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"Books are the plane, and the train, and the road. They are the destination, and the journey. They are home."
- Anna Quindlen

Reading progress update: I've read 66 out of 338 pages.

The Grapes of Math: How Life Reflects Numbers and Numbers Reflect Life - Alex Bellos




The Babylonians used a "sexagesimal" place value system, meaning that they counted in sixties instead of tens... it may be because sixty is the lowest number divisible by 1, 2, 3, 4, 5, and 6, which would have made some arithmetical tasks easier...


The Babylonians divided the circle into 360 degrees... it has been argued that 360 was chosen because six equilateral triangles fit snugly within a circle, and that each of these angles was divided into 60 as demanded by sexagesimal fractions...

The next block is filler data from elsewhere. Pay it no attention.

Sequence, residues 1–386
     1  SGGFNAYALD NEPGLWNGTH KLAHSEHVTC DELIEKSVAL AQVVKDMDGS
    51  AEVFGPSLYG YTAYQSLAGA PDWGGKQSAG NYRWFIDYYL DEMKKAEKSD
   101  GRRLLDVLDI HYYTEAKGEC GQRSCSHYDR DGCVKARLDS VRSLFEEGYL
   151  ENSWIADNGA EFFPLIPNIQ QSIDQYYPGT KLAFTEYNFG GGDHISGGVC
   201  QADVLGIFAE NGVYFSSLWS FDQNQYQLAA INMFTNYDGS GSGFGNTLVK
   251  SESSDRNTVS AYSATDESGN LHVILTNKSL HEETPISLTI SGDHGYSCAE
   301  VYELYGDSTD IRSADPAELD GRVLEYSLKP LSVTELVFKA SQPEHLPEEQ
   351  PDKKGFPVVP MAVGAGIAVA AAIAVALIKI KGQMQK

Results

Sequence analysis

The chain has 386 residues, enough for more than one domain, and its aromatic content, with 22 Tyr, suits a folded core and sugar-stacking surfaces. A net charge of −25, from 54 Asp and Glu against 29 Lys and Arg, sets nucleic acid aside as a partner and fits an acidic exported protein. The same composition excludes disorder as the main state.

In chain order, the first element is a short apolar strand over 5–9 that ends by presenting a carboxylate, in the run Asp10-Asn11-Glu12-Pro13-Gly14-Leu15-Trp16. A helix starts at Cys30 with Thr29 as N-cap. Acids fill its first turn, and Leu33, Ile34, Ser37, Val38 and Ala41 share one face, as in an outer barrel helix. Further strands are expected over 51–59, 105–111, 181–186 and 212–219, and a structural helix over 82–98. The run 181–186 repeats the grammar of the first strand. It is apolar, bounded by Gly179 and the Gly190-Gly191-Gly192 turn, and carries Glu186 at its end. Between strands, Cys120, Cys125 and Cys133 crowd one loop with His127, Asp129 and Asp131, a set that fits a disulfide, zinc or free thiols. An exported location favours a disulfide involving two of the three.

In the second century BCE the Greeks appropriated Babylonian fractions, which have been in use ever since.  The degree was traditionally divided into sixty smaller units, each a pars minuta prima, or first minute part, which were then divided into sixty smaller units, each a pars minuta secunda, or second minute part.  From the translation of these Latin phrases we get the words minute and second, our units of time, which are the most prominent modern relics of the ancient practice of counting in groups of sixty.




Also, the term "sine" in trigonometry basically refers to boobz.  The original word in Sanskrit (trig having been more or less invented in ancient India) meant "string-half", which referred to a bisected chord in a circle (the measurement of which, when considered as one leg of a right triangle with the circle's center and a radius of one unit, is equal to the sine ratio for the central angle).


ANYWAY, when the Sanskrit word for this concept was transliterated into Arabic, it sounded like the word for "bosom", so that's what everyone called it.  And thence into Latin, where it was translated to "sinus", which was the part of a woman's toga covering her, um, assets.


Sine = boobs.  And you thought math was boring.